Joint Mono County and Mammoth Lakes Meeting Held Tuesday | Updated on COVID-19

The Mono County Supervisors and Mammoth Lakes Town Council met Tuesday afternoon for an update on an increasing number of COVID-19 cases throughout the County. With the Mountain View Fire out of control in Walker, claiming one life and destroying property, the meeting took on the feel of an update on the Apocalypse.

This has not been a good year.

Bob Lawton, Mono’s chief executive officer, reported on an increase of cases not related to the outbreak at the Marine Mountain Warfare Training Center outside Bridgeport. The County’s total cumulative numbers as of Wednesday morning totaled 493 cases, 259 associated with the training center, 188 in Mammoth, 17 cases in south county, 29 to the north. Those numbers, Lawton said, represent a 400-percent increase over the last three weeks. “Hospital capacity is a concern,” he said and hospitals in Nevada have also been impacted.

The County shifted from the moderate tier to substantial on California’s matrix, a rating that has reduced capacities in restaurants and lodging, closed bars  and requires additional modifications across all business sectors.

Both Lawton and Dr. Tom Boo, public health officer, admitted the effort now was to stay out of the more rigid widespread tier. “We were candidates to go purple (the color code for the top tier),” Lawton said. “Adjudication kept us in the red (or substantial) tier.”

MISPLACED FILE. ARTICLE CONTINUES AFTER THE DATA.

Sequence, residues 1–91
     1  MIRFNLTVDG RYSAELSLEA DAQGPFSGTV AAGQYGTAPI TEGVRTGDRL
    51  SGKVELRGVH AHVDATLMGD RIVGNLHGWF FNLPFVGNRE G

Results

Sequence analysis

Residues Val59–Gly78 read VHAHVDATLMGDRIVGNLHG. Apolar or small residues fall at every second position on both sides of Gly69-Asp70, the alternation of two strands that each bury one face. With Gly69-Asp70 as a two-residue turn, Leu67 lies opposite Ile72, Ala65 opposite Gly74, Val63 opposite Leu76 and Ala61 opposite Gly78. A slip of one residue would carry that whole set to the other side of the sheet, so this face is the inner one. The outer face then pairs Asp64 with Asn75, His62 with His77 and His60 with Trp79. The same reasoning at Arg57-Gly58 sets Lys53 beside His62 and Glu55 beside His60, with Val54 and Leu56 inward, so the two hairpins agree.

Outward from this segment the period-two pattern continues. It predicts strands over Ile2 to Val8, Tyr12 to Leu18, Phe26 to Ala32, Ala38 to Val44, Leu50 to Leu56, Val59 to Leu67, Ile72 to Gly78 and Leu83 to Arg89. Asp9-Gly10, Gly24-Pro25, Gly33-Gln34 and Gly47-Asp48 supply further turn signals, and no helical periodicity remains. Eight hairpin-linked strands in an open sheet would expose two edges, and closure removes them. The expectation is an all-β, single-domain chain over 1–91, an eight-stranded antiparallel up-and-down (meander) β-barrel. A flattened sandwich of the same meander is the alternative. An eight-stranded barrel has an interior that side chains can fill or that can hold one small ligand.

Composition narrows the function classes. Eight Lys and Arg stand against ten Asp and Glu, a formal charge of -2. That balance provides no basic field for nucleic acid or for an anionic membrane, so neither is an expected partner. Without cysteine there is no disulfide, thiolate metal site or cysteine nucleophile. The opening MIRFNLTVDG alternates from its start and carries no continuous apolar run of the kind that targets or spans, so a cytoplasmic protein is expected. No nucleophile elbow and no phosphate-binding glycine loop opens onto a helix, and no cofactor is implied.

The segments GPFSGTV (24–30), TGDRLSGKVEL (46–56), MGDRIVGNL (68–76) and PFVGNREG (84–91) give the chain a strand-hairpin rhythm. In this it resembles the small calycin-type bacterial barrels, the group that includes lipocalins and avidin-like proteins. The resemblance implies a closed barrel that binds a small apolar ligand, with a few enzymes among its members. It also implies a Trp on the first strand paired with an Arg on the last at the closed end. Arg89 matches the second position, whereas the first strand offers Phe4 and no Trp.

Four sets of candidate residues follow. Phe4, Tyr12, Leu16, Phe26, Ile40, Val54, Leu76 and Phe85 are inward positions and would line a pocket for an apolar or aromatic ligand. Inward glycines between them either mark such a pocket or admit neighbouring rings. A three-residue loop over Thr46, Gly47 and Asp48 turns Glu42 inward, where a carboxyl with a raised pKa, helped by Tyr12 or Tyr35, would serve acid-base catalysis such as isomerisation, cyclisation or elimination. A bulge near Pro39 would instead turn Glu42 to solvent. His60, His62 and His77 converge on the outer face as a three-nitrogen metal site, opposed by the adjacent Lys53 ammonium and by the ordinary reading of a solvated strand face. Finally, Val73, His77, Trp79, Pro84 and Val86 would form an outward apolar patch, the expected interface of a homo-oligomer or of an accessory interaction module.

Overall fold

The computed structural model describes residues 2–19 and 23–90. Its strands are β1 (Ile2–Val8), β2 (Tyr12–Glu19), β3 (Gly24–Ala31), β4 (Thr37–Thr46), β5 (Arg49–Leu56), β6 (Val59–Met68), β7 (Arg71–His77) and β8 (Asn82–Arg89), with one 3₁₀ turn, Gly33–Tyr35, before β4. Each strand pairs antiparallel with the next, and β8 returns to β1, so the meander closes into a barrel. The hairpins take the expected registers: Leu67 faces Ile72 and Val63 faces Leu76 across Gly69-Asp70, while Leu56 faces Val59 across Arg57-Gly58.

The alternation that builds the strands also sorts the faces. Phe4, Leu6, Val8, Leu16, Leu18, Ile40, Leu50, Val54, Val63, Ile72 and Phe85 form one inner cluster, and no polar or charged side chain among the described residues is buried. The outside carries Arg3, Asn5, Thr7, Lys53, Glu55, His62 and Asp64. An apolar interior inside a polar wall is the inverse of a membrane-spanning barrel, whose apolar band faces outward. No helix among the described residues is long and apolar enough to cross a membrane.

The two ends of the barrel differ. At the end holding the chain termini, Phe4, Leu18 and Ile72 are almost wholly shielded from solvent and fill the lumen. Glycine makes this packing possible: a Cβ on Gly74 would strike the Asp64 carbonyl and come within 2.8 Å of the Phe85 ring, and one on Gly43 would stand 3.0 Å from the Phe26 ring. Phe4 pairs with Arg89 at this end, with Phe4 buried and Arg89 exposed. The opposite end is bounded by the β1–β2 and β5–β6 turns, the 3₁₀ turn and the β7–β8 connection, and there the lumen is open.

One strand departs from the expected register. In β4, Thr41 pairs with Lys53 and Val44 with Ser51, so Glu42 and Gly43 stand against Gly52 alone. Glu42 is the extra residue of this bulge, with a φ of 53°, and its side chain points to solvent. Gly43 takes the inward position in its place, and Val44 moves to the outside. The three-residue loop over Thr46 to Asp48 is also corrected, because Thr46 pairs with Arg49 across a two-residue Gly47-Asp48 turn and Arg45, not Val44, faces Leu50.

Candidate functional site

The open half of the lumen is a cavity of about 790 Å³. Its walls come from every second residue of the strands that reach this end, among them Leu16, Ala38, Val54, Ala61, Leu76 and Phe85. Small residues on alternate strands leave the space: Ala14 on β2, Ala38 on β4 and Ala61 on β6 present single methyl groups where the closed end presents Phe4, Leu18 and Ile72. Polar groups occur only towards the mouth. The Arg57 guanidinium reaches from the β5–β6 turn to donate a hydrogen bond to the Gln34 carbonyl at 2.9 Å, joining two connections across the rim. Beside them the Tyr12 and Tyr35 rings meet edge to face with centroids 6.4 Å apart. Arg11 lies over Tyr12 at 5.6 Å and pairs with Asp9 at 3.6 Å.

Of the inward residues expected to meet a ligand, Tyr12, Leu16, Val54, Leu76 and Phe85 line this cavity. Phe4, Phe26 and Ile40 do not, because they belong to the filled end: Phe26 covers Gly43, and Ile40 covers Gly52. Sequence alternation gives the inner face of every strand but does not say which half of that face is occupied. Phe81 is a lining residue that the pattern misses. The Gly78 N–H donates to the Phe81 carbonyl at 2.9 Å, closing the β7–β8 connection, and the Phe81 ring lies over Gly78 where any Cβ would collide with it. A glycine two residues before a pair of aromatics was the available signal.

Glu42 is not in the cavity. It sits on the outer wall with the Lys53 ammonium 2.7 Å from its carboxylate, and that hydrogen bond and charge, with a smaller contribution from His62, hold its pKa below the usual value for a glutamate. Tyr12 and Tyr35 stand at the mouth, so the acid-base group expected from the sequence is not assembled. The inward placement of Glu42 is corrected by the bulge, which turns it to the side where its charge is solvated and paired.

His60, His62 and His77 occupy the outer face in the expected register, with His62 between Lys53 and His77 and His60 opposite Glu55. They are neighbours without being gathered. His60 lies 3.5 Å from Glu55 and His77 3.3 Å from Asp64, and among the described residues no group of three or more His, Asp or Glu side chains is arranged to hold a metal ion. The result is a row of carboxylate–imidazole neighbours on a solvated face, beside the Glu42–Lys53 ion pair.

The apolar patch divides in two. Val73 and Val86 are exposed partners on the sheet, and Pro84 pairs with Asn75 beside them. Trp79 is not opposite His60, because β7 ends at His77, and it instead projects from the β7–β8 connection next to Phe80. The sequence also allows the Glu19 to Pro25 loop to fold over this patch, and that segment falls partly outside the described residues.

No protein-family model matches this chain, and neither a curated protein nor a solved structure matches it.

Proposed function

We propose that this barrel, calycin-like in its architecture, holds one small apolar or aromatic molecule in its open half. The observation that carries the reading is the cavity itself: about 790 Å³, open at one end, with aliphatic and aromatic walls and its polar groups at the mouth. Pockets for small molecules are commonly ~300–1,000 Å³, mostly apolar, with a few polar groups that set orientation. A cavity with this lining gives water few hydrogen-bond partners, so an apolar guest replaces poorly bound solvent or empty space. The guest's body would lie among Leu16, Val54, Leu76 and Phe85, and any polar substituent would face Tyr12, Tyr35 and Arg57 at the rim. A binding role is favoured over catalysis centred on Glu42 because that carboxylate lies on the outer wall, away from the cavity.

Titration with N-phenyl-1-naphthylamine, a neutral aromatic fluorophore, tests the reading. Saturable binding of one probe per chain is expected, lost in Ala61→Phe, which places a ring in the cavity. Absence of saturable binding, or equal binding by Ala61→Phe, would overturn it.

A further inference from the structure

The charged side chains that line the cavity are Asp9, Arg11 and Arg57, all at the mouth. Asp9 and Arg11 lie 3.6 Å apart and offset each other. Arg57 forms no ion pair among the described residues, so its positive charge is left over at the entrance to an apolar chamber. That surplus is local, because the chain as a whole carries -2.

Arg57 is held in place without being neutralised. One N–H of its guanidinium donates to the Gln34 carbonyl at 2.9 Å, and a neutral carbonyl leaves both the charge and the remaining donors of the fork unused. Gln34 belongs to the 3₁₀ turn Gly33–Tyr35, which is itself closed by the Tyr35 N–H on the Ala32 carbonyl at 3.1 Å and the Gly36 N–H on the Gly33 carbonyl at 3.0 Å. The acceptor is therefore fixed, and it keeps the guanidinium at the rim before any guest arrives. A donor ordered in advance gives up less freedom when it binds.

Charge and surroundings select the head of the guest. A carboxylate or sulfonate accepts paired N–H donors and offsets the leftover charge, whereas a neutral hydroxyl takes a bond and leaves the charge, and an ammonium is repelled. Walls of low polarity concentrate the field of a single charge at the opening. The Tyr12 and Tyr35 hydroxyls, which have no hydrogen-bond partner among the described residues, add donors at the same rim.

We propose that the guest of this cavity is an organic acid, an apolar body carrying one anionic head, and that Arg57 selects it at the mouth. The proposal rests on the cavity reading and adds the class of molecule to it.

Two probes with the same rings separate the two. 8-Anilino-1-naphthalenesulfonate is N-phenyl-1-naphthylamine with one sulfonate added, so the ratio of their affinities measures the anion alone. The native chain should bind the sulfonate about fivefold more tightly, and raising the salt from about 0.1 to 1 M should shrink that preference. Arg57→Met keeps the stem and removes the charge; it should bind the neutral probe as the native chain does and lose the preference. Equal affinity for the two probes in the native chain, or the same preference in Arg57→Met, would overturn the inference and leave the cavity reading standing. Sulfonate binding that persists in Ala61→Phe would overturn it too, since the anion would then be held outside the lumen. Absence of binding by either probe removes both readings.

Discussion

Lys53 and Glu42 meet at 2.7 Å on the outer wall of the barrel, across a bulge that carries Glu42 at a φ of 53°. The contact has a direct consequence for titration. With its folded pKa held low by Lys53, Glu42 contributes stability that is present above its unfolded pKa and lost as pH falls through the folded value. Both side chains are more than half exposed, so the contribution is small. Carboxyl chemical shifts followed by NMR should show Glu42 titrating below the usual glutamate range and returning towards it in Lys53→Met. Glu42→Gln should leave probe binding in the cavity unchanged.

Mammoth Lakes Fire Chief, Frank Frievalt headed up the Emergency Operations Center set up to deal with COVID-19. “We had good luck in the past,” he said reference the EOC’s ability to influence people’s behavior, “but now people have COVID-fatigue.” There may be a need to revisit enforcement, he added.

The COVID-19 testing is another snag, said Public Health Director Brian Wheeler. The surges in cases state-wide have backlogged labs. “We don’t have the capacity we’d like,” Wheeler reported.” Testing also dropped off during the Center Fire as air quality plummeted and residents were sheltering indoors.

The literal elephant in the room was Mammoth Mountain Ski Area, more specifically the influx of workers and how they were housed. “We’ve reviewed their housing plan,” said Mammoth Lakes Town Manager Dan Holler, “but we don’t have the authority to regulate how the employees live.” He went on to say the Mountain has been cooperative.

“We’re working to set up a convenient testing site at Mammoth Mountain for both the community and the workforce,” said Wheeler.

To get back to the whole Apocalypse comparison—the original definition is “the ultimate victory of good over evil and the end of the present age.” Let’s just hope that happens soon.

 

2 Responses to Joint Mono County and Mammoth Lakes Meeting Held Tuesday | Updated on COVID-19

  1. vaguelynoble November 19, 2020 at 9:00 am #

    “The literal elephant in the room was Mammoth Mountain Ski Area”.

    Literal? You keep using that word. I do not think it means what you think it means.

     
    • Deb Murphy November 19, 2020 at 10:36 am #

      You sent me to google. Their definition: 1.taking words in their usual or most basic sense without metaphor or allegory. Since mammoths are elephants, I thought I was being clever. Will try not to do that again and will, literally, watch my use of the world “literal.” Thanks much
      Deb

       

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